Menahem and Pekah of Israel, Jotham of Judah and Tiglath-Plieser III of Assyria (2 Kings 15)

Bilderesultat for Tiglath-Pileser III of Assyria

Illustration: Artists impression of Assyrian soldiers extolling Tiglath Pileser III

Fifteen kings are named in 2 Kings 15, covering a span of about 35 years, from approximately 767 to 732 B.C. Nine are kings of Israel (Jeroboam I, Jeroboam II, Zechariah, Shallum, Jehu, Menahem, Pekahiah, Pekah and Hoshea), four of Judah (Amaziah, Azariah/Uzziah, Jotham and Ahaz), one of Assyria (Pul/Tiglath-Pileser III) and one of Aram/Syria (Rezin). Ten of the fifteen are named in contemporary sources outside the Bible. A few examples are as follows:

  • Menahem, king of Israel (ca. 747-737 B.C.), paid tribute to Tiglath-Pileser III, king of Assyria, from approximately 745 to 727 B.C. (15:19-20). Scholars believe this tribute was paid at the time of the first campaign of Tiglath-Pileser III into the region in approximately 740 B.C. Menahem is mentioned twice in Tiglath-Pileser’s records. Both the Iran Stele, purchased from an antiquities dealer in western Iran, and Tiglath-Pileser’s annals, excavated in his palace in Calah, Iraq, state that “Menahem of Samaria” paid tribute to the king in his eighth year, approximately 738 B.C.
  • Pekah, king of Israel (ca. 735-732 B.C.), joined forces with Rezin, king of Aram, in a revolt against Tiglath-Pileser III. The two attempted to force Judah to join them (15:37, 16:5, 2 Chronicles 28:5-8, Isaiah 7:1-9). This provoked the wrath of the Assyrian king, who defeated Damascus, the capital of Aram, and devastated Israel in 732 B.C. (2 Kings 15:29, 16:7-9, 1 Chronicles 5:26). The records of Tiglath-Pileser III twice refer to this campaing and to the demise of Pekah. An ancient seal depicts a figure facing left, with the name Pekak written behind him.This was most likely Pekah’s seal when he was an officer under Pekahiah prior to his becoming king (2 Kings 15:25).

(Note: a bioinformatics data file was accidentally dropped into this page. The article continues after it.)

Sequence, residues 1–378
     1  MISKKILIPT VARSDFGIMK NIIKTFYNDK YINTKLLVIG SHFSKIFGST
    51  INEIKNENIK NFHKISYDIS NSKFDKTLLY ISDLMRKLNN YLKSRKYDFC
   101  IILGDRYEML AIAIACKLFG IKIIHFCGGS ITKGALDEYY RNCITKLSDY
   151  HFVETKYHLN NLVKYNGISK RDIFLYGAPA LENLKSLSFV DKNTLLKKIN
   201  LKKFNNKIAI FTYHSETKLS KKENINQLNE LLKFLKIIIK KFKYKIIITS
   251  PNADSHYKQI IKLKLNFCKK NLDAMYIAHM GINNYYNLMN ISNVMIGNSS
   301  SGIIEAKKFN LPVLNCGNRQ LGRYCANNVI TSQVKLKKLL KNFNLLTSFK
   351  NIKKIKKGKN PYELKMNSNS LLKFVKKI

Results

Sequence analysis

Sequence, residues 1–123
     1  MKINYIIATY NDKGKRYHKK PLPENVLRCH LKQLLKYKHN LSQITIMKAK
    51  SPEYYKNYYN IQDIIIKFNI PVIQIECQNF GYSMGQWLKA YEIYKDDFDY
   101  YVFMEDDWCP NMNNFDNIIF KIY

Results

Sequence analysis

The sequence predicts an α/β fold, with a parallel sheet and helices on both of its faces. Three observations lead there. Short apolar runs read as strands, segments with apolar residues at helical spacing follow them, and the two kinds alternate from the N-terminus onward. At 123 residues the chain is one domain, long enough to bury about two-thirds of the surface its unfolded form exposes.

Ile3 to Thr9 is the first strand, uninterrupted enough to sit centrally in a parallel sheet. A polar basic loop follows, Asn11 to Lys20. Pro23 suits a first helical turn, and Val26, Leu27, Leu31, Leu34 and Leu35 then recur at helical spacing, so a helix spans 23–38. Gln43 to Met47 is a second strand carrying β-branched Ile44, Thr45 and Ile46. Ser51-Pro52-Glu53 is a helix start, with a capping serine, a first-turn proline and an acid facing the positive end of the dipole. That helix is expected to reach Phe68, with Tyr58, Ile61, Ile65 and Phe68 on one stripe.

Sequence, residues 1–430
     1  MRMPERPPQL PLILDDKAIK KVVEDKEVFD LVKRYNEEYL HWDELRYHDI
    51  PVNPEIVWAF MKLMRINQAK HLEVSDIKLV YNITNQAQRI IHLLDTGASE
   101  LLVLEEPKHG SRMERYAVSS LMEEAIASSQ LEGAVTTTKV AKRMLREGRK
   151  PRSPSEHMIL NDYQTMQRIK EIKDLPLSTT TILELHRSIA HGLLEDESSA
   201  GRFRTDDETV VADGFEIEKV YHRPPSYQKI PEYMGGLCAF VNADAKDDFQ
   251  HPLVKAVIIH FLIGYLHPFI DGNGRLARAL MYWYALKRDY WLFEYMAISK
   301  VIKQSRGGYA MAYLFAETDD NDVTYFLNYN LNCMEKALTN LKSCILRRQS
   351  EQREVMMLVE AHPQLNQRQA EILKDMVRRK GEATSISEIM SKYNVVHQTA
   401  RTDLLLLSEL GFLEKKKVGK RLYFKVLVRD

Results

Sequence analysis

• The names of Jotham and Ahaz, kings of Judah (ca. 759-743 B.C.), appear on a clay seal impression or bulla. This bulla, from the reign of Jotham’s son Ahaz, once sealed an official papyrus document. The full name of a man in ancient Israel was rendered as “X”, son of Y”; thus the impression reads “Belonging to Ahaz, (son of) Jotham, king of Judah”.
  • Tiglath-Pileser III, king of Assyria (ca. 745-727 B.C.), is named nine times in the Bible. Many records from his reign, including sculptured reliefs depicting the king himself, were found in his palace at Calah, Iraq.


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